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Does anyone remember the Super Bowl of 1996? I do. I was working at Arizona State University, making peanuts teaching our future leaders. I could afford my apartment, gas for my car, and food. If one majorly bad thing had happened during that time—if my car had died or my rent had spiked—I would have been broke. I wasn’t just low man on the totem pole at ASU; I was the dirt underneath the pole’s base.
So when the Super Bowl descended upon us in Tempe—taking up the stadium of course, but all large areas around the university too—people like me lost their parking spaces. Entire parking lots were closed off for months, and those of us who were displaced were told to either park farther away, like in Tucson, and ride a shuttle bus to arrive at work on time; carpool to arrive at work on time; or take the city bus to arrive at work on time.
While I never tried the shuttle, I did try the other options. In fact, my first and last foray into riding the city bus occurred during this time. One bus ran straight up and down the five-mile stretch between my apartment and ASU; that’s the one I took. The only salient memory I have of these few bus trips is sitting next to a young mother and her tiny baby on the way home, once. The seats up front were more like couches facing one another, not like on a school bus, and there weren’t any seatbelts. That’s where the three of us were when the bus driver slammed on the brakes and the baby jettisoned forward, almost into my arms, kind of like a football.
I flapped my hands and made worried looks, but the baby managed to crawl back onto the seat, and the young mother said nothing. This is how we traveled the five miles to my stop: my watching the baby teeter back and forth on the bus seat, the mother not paying attention, the driver braking and the baby toppling onto the floor, over and over.
I was a nervous wreck by the time I got home. I couldn’t ride the city bus again, so I sucked it up and asked people for favors: please drive me to school. I had two takers.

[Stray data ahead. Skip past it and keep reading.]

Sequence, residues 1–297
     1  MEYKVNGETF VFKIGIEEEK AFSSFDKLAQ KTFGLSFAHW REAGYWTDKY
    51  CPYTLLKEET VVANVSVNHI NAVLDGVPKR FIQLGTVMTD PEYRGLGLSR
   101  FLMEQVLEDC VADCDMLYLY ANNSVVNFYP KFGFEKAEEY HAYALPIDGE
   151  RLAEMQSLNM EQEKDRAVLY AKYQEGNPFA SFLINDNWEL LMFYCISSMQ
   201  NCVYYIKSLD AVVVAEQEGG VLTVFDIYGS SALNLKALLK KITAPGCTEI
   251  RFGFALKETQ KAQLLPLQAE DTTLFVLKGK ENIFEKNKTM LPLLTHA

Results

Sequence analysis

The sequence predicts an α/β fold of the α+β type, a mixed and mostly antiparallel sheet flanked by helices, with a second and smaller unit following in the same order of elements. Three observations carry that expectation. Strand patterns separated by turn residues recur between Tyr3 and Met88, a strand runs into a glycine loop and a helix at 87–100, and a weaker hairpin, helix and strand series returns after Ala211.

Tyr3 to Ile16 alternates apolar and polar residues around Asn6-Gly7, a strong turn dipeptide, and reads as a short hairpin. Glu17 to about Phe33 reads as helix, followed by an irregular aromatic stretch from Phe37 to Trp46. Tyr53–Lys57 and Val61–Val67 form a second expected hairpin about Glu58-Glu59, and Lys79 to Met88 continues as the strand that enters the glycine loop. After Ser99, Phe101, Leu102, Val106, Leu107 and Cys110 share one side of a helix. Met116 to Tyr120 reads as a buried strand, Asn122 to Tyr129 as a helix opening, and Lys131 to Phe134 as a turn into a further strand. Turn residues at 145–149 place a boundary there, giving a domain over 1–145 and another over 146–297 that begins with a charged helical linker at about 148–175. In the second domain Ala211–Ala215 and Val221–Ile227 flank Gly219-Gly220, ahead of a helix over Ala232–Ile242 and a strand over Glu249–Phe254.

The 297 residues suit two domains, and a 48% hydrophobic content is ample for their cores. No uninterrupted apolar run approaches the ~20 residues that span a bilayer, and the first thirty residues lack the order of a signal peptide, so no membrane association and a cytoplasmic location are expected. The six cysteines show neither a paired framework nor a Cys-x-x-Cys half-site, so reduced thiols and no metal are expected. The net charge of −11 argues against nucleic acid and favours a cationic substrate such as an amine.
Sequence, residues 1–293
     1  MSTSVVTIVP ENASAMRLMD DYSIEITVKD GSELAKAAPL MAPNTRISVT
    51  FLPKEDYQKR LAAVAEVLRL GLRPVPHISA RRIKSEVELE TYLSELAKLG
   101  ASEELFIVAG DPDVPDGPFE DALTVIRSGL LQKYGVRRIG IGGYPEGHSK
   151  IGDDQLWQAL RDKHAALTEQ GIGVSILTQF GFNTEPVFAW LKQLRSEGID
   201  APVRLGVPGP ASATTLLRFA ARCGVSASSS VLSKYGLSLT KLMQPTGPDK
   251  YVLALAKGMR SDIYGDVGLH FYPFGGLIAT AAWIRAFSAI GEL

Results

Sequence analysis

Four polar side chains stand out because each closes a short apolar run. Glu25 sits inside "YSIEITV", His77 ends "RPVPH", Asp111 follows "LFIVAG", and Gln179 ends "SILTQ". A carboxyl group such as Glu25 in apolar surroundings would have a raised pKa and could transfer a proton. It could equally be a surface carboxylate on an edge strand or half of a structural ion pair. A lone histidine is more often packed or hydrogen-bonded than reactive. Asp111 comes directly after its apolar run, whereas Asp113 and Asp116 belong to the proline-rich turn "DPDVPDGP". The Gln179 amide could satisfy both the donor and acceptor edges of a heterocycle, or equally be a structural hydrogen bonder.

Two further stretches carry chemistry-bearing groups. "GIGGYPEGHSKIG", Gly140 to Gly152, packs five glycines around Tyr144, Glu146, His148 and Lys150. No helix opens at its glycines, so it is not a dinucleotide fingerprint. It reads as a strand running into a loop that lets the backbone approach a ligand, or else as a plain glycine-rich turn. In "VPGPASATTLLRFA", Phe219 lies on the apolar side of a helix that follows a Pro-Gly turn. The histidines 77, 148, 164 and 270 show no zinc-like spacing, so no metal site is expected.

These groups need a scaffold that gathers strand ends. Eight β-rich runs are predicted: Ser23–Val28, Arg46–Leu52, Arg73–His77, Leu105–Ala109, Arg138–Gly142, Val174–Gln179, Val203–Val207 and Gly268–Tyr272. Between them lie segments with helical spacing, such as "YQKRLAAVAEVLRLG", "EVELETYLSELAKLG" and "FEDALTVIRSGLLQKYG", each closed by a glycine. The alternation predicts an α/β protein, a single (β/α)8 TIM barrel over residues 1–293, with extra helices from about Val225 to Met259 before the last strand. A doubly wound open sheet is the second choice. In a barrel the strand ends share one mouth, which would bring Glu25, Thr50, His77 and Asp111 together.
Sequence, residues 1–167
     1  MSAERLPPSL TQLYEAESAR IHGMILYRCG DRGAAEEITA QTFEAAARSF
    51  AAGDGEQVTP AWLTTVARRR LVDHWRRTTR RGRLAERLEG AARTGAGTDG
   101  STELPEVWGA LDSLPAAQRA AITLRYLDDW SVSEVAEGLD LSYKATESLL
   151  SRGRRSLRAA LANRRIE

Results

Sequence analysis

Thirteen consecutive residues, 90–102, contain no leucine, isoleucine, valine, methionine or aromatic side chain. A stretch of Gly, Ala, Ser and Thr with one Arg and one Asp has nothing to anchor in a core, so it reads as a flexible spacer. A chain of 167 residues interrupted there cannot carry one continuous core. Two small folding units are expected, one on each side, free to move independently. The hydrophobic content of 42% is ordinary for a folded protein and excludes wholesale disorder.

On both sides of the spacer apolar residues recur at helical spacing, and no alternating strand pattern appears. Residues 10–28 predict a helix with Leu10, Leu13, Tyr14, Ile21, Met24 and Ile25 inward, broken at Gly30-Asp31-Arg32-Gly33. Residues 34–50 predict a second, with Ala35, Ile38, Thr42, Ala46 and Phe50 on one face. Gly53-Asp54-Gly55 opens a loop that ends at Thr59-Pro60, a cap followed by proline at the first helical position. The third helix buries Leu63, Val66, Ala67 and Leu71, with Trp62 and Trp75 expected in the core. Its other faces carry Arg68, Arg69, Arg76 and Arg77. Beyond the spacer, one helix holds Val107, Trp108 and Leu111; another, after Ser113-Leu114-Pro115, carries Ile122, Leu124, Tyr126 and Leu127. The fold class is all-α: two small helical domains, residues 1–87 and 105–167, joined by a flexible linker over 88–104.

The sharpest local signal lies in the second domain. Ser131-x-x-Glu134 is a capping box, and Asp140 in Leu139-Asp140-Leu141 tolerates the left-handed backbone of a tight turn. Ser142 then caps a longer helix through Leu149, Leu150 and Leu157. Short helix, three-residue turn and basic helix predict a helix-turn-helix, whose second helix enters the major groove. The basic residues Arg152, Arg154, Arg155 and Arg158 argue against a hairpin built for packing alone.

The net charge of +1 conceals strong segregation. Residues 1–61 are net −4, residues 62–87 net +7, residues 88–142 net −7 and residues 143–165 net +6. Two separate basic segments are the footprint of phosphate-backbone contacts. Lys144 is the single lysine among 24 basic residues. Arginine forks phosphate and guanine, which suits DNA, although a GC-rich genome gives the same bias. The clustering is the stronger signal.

One was a much-older woman I worked with, the one with a tarantula mole on her neck that she always tried to cover by letting her shirt tag stick up. She was nice enough and treated me kindly, but a year later I would get promoted over her and she would say: “Hate is not too strong of a word for the way I feel about you.” I don’t think we were ever really friends.
The other was Maya, my officemate. Maya was 46 to my 28, an example-setter from the day I met her. Maya had long blond hair, very thick, and she was short with a perfect figure. She was dating a man my age; I was dating a man my father’s age. Together, we covered nearly a century of prospects. Maya would eventually teach me how to serve a proper Thanksgiving meal and to love with abandon, to display freshly cut flowers and start trusting people; I would teach Maya how to climb over the cement wall that separated my apartment complex from our favorite bar. Even trade.
Maya picked me up one morning after I’d given myself a haircut, shearing eight inches off what normally reached the small of my back. I’d tried to get it even. Maya’s was always very long and shiny, and blond. She scowled at me when I got into her car.
“You cut your hair,” she said. She didn’t have to say anything else, and nothing I had to say would have mattered.
I started growing it back that day.
Would the Super Bowl ever be over?
Maya, now my best friend for almost twenty years and a colleague at a different and better school, sits next to me at a department meeting. I turn to gaze upon her loveliness: her long blond hair, her flawless skin, her cute little nose. She set the standard for living up to one’s beauty potential back in 1995 when we first met. She still has long blond hair, but there’s gray in it. I have long dark hair, but there’s gray in there too. I’ve been trying to cover it up with a black Sharpie, but that always washes out. I’m not dying my hair because I hear it becomes brittle. I don’t want to be brittle.
“Is my hair as long as yours now?” I ask Maya.
“I think so, honey,” Maya says, pulling the ends of my hair to the small of my back to make sure. We pass notes during the meeting like kids.
Maya and I sometimes wonder what we’ll be doing for the holidays. People like us—loving but flawed, often alone—check in with one another as if holidays are storms. “What are you doing for Christmas?” might as well mean “in which cellar will you be seeking shelter?”
I ask Maya on the phone last night, when I realize that another holiday is rolling by with no notice, “What are you doing for Easter?”
“Nothing,” she says. “We should spend it together.”
I think of green-bean casserole and super-tall Christmas trees and the rotten robin’s egg I once bit into when I was five, thinking it was a leftover malted from Easter, in June. I think of all the times I’ve taken care of Maya, and all the times she has steadied my own course.
“Okay,” I say, and our spirits rise, the competition of Easter over.
We win again.